Sustainable Farming Practices, Argentinian No-Till Pioneer


The Global Farmer Network recently asked some members about their views on sustainability in agriculture.  For the second consecutive week we’re highlighting a response from a GFN Board member.  Roberto Peiretti from Argentina farms along with his wife Cintia in the Cordoba Province.  Roberto is internationally recognized as a leader in No-Till, or zero tillage, farming and is a founding member of Aapresid, the Argentinian NoTill Farmers Association

*English is a second language for most GFN members and responses may have been lightly edited. 


Global Farmer Network Board member – Roberto Peiretti, Cordoba Province, Argentina

Question:  What is your definition of sustainable farming? 

Answer:  A farming system can be considereded as a sustainable one ever since it shows and demostrates in practice its ability to simultaneously match and satisfy the three main axis for which the concept of sustainability is pillared on:  the economic; the social; the environmental. In practice it is normally related to conservation agriculture principles implemented as the No-Till System, integrated pest and weed management, soil health concept, “Carbon Farming”, efficent water management, etc.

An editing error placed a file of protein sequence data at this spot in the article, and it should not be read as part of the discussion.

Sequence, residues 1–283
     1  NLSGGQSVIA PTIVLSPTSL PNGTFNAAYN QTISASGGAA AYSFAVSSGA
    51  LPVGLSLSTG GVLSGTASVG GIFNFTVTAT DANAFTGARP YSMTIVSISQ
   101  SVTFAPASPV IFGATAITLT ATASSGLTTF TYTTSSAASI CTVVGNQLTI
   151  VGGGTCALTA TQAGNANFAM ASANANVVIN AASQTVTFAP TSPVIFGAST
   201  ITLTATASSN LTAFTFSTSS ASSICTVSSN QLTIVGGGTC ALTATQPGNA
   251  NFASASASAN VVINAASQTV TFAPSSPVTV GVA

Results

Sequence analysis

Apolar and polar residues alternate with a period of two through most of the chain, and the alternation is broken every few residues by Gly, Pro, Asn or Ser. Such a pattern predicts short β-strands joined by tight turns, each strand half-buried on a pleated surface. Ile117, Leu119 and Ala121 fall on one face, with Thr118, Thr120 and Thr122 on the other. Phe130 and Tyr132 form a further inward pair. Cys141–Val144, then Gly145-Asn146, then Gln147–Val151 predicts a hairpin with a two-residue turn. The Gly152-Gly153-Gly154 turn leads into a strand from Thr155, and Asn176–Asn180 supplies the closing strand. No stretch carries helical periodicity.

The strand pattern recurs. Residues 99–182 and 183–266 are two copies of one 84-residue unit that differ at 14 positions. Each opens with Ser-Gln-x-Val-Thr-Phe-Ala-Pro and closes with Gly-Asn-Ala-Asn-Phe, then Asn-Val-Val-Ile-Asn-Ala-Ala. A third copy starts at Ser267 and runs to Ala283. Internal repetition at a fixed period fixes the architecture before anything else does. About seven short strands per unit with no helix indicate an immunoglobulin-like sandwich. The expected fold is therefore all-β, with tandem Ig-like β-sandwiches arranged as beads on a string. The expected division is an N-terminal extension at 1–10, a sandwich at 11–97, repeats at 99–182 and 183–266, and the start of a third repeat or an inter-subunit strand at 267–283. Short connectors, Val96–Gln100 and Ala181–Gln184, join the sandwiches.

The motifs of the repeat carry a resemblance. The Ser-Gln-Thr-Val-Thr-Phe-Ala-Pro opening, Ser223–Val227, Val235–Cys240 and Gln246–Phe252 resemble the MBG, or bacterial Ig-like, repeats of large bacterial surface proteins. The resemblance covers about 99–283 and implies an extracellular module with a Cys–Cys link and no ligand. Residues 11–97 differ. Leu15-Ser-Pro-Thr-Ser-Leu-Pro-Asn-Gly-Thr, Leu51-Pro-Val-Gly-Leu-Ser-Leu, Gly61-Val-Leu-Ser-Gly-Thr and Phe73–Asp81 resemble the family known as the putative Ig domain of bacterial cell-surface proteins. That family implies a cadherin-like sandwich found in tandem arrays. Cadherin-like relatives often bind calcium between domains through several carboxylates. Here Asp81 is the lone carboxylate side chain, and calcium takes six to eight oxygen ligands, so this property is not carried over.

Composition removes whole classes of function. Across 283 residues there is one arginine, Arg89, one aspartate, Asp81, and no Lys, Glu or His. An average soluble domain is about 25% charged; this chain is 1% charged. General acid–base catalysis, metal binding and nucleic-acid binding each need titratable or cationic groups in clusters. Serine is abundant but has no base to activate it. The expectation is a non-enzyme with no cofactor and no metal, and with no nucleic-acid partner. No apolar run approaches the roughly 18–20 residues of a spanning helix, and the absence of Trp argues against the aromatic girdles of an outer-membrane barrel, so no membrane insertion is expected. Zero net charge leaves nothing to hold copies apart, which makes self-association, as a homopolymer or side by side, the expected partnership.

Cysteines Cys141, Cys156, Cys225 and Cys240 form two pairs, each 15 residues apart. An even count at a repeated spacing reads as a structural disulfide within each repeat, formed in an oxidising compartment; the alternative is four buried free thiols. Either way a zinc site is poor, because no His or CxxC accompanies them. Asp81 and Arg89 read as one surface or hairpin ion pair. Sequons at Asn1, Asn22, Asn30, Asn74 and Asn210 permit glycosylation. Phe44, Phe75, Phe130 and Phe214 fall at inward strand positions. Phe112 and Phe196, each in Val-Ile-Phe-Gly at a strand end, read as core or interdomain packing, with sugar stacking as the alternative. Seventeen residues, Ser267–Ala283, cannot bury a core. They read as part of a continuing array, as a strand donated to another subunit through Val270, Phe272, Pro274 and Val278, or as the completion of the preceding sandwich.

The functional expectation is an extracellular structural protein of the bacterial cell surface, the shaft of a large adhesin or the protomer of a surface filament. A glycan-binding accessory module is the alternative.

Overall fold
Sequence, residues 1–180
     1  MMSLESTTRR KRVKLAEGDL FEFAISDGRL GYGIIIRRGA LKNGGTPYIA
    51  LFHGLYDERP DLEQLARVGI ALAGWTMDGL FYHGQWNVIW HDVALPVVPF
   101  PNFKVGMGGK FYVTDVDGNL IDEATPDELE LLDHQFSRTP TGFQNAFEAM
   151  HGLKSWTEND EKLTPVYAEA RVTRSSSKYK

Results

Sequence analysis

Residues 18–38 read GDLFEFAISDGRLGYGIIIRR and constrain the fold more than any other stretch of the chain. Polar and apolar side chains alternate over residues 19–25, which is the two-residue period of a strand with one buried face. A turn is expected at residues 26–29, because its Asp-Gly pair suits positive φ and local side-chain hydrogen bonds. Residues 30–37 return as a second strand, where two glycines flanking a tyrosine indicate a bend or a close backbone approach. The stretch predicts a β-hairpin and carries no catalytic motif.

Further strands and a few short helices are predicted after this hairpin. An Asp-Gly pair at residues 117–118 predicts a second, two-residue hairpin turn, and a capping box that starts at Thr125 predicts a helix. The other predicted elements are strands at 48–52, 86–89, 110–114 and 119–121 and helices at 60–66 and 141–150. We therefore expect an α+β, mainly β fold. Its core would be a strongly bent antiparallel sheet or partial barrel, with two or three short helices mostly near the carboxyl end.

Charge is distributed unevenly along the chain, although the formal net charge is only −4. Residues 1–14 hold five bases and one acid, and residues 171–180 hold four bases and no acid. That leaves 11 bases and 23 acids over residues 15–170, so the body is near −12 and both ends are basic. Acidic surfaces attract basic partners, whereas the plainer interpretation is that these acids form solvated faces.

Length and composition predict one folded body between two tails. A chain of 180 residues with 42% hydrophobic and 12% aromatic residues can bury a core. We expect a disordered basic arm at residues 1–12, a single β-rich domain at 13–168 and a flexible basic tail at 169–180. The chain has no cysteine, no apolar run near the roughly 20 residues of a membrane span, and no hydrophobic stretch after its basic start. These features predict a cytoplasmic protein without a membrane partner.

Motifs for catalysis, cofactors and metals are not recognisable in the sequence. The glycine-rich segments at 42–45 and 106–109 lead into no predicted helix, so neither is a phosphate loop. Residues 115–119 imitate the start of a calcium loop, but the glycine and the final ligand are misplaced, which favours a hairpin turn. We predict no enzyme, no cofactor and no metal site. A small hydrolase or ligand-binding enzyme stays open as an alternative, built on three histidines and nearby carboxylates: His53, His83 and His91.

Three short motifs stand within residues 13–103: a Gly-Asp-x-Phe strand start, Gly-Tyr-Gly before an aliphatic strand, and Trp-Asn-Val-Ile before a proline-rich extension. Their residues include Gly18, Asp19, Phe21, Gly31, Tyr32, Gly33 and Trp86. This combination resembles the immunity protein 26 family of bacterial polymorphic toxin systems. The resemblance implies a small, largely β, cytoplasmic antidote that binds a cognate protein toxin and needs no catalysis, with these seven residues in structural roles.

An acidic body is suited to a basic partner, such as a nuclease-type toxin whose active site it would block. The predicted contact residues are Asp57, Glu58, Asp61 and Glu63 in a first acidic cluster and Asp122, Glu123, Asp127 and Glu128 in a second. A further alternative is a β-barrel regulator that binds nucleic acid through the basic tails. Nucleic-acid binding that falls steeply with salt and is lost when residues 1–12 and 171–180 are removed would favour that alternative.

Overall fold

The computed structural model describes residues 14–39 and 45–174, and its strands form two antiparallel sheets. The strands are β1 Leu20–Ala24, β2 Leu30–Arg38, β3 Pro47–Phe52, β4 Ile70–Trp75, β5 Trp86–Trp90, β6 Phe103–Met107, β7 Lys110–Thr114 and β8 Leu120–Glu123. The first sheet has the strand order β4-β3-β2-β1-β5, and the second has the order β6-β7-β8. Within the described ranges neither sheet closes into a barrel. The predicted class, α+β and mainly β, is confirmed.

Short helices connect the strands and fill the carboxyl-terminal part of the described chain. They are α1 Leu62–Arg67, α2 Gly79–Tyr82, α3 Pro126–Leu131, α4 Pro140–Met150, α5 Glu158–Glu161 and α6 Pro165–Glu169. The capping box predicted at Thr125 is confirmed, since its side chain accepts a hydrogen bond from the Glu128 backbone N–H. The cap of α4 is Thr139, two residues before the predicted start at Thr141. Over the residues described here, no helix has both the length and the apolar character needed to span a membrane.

Question:  What farming practices are you using on your farm today that helps the sustainability of your farming operation and the soil that you are farming on? 

Answer:  I am farming my soils under the No Till System, along with crop rotation, cover or service crops, and all type of modern technologies as far as they offer a positive and reliable ROI  [return on investment] not only in the short [term] but also in the medium and long range been which is closelly related to the concept of adding to the system sustainability. 

Peiretti has spoken world-wide on soil and no-till.

Question:  Where do you get information about sustainable farming practices that are appropriate for your farm? 

Answer: Mainly from farmers organizations; by sharing through farmers to farmers communication, also “Field Days”or demonstrations.  Experimental Stations delivered information and experiences as well as basic information derived from universities and research people. Private companies many times play a significative role in this process. To change or introduce any major new technology or change on my farming operation, I normally test them in small areas, and once I feel confortable and confident with the benefits of the change or the new technology (a kind of? trial and error process) I gradually start scaling it up within my farm. 

Question:  How do you determine what practices work best on your farm? 

Answer:  Interacting with other farmers and also permanently searching on the existing and offered new technologies and alternatives ways to do things within experimental stations, private companies, experimental stations, Universities, etc. and once I detect them I somehow follow the process described on previous [question and answer].